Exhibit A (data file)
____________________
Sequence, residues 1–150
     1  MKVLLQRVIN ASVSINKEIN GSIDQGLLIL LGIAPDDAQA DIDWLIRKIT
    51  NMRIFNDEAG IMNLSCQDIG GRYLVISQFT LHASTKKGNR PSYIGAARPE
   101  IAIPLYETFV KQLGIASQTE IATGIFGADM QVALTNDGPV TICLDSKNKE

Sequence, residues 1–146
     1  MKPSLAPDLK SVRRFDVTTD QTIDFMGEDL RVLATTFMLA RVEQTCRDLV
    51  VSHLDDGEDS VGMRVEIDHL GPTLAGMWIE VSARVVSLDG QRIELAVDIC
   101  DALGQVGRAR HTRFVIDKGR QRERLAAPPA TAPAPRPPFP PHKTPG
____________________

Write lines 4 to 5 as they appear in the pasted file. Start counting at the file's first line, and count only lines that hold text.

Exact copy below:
   101  IAIPLYETFV KQLGIASQTE IATGIFGADM QVALTNDGPV TICLDSKNKE

Sequence, residues 1–146